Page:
(TheBlaze/AP) — The self-proclaimed “toughest sheriff” in America joined forces this weekend with action movie star Steven Seagal to train volunteer posse members to defend Phoenix-area schools against gunmen.
Maricopa County Sheriff Joe Arpaio announced the controversial plan in the wake of the December Newtown, Conn., school shooting that left 27 people dead, including the gunman and 20 first-graders.
The exercise Saturday was held at a closed school site in suburban Fountain Hills outside Phoenix where sheriff’s SWAT members acted as shooters and 25 teenagers played the part of students during mock scenarios involving up to three gunmen. According to 3TV, the group practiced with several different types of guns, all firing blanks.
Seagal, best known for his roles in movies such as “Above the Law” and “Under Siege,” will lead training on hand-to-hand defense tactics and other techniques drawing from his expertise in martial arts, according to a sheriff’s office news release.
When faced with criticism in January about the school posse plan, Arpaio snapped back: “Why would people complain about my posse being in front of schools to act as prevention?”
He boldly announced the plan on the grounds of an elementary school, saying at the time he wanted the patrols publicized.
“I want everyone to know about it for the deterrence effect,” Arpaio said, adding that no taxpayer money would be spent on the patrols and volunteers would be supervised over the radio or telephone by actual deputies.
But Arizona Democratic House Minority Leader Chad Campbell called the plan to use Seagal as an instructor “ludicrous.”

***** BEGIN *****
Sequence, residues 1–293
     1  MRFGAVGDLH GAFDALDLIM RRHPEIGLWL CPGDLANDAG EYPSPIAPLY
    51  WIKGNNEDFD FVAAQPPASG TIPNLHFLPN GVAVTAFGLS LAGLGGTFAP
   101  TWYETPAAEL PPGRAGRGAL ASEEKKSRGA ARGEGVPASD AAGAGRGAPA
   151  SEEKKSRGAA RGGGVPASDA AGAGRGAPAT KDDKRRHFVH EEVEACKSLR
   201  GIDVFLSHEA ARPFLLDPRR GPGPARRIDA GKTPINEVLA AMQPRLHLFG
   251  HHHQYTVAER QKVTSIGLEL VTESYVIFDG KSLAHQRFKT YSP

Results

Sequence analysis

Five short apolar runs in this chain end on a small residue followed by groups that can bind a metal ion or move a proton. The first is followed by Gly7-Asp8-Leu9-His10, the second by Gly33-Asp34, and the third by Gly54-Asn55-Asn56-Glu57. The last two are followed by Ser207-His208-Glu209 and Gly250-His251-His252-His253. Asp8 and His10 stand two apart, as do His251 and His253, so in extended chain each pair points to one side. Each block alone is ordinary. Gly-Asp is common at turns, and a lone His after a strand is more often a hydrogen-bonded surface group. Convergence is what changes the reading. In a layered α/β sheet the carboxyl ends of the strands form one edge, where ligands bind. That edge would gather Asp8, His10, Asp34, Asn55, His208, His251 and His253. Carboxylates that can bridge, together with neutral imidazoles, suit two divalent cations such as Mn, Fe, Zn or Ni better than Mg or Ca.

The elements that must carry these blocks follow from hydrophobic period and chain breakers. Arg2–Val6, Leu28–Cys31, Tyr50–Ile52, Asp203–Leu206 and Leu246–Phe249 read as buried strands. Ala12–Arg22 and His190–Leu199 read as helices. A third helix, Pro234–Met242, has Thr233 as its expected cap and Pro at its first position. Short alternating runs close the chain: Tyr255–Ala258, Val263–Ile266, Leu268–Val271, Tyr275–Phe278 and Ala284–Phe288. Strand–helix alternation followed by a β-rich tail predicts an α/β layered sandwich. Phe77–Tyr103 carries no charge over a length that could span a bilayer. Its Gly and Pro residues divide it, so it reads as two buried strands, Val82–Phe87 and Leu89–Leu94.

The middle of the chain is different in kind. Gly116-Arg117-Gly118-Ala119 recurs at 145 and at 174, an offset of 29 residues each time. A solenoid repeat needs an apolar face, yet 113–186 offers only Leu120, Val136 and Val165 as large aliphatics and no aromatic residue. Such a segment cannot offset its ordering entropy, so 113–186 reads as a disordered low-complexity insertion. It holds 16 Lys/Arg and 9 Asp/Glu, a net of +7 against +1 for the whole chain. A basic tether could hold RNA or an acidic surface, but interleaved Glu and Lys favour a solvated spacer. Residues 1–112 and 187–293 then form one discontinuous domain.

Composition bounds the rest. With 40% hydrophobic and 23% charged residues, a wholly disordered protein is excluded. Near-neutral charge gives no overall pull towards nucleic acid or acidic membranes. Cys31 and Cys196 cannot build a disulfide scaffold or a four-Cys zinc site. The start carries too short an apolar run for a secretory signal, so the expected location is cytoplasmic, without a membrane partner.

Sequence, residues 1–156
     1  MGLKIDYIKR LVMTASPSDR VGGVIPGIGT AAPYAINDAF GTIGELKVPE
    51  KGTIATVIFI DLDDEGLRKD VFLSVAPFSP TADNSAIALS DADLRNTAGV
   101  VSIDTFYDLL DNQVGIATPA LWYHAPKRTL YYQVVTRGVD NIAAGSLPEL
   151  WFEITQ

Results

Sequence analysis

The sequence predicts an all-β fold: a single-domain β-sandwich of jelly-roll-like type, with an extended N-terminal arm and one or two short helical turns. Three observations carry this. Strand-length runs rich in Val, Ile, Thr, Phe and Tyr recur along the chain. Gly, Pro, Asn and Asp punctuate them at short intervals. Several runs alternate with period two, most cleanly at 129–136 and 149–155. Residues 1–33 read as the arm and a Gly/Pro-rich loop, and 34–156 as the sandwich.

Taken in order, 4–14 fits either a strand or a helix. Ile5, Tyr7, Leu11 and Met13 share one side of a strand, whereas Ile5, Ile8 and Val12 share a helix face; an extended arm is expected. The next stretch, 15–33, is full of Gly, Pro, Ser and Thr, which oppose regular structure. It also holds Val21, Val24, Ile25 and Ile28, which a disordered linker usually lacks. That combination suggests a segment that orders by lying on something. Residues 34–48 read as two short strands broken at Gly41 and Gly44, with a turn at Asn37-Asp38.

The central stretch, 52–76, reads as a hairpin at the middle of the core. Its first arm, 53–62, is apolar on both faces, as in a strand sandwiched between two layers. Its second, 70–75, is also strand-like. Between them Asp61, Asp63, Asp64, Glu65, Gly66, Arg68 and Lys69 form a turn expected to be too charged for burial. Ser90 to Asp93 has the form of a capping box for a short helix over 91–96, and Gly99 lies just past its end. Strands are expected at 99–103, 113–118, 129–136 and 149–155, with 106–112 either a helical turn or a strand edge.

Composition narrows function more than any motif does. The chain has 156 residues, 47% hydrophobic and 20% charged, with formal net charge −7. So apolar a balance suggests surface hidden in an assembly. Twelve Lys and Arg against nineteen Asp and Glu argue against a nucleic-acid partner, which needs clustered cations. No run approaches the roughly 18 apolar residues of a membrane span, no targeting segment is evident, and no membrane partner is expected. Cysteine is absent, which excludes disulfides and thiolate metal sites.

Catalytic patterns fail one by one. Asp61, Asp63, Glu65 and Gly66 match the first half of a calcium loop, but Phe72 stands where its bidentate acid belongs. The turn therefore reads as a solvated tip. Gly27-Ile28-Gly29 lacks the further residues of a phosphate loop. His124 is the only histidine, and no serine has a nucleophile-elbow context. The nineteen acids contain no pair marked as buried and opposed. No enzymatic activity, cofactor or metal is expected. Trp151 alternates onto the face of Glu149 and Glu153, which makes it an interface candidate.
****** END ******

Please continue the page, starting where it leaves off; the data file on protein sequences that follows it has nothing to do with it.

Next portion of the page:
“Steve Seagal is an actor. That’s it. Why don’t we also have Clint Eastwood and Chuck Norris and Bruce Willis come out and train them too while we’re at it,” Campbell said with condescension.
Campbell has been a vocal critic of Arpaio’s school posse protection plan, complaining that using untrained, armed civilians to protect students is a bad idea and likely will only make the facilities more dangerous.
“He’s making a mockery out of it. You’re having a movie actor train people how to protect schools?” Campbell said.
Current posse members already are used to bolster the sheriff’s office force by providing police protection at malls during the holidays, directing traffic and transporting people to jail. But the sheriff announced this week that he needs more members to continue the work, calling for 1,000 additional citizens to step up and volunteer.
Joselyn Wells, a mother of three children at a school in suburban Phoenix, where Arpaio’s posse has begun patrolling, said she was excited to hear about the initiative.
“A lot of people sit around and watch these things happen, watch key signs and no one wants to do anything about it,” she said when Arpaio announced the plan. “Nobody wants conflict, nobody wants to be out in the limelight. And he doesn’t care. He wants to do the right thing.”
Andrew Sanchez, however, a town council member in Guadalupe, said he wants nothing to do with posse members patrolling schools in his community, which voluntarily spends about $1.2 million annually for Maricopa County sheriff’s patrols.
“We are paying him to have certified deputies here, not to bring a circus and not to use our town as a political platform,” Sanchez has said.
The volunteers, dressed in uniforms and driving patrol vehicles, some authorized to carry guns after training, won’t go onto school grounds unless they spot danger, but will instead patrol around the facilities, Arpaio said.
Seagal is already a volunteer posse member in Maricopa County, and has been deputized with sheriff’s offices in New Mexico, Texas and Louisiana, where a film crew followed the actor on ride-alongs with Jefferson Parish sheriff’s deputies for the reality TV show “Steven Seagal: Lawman.”
Arpaio says other notable people also have joined his more than 3,000-strong volunteer armed posse, including “The Incredible Hulk” star Lou Ferrigno and actor Peter Lupus of TV’s “Mission: Impossible.”
“I want everyone to know that we’re going to be around the schools,” Arpaio told the media, lightly banging his hand on the podium for emphasis. “If anyone does something, we’re going in to save our kids.”
3TV has more on the story, including video of the training: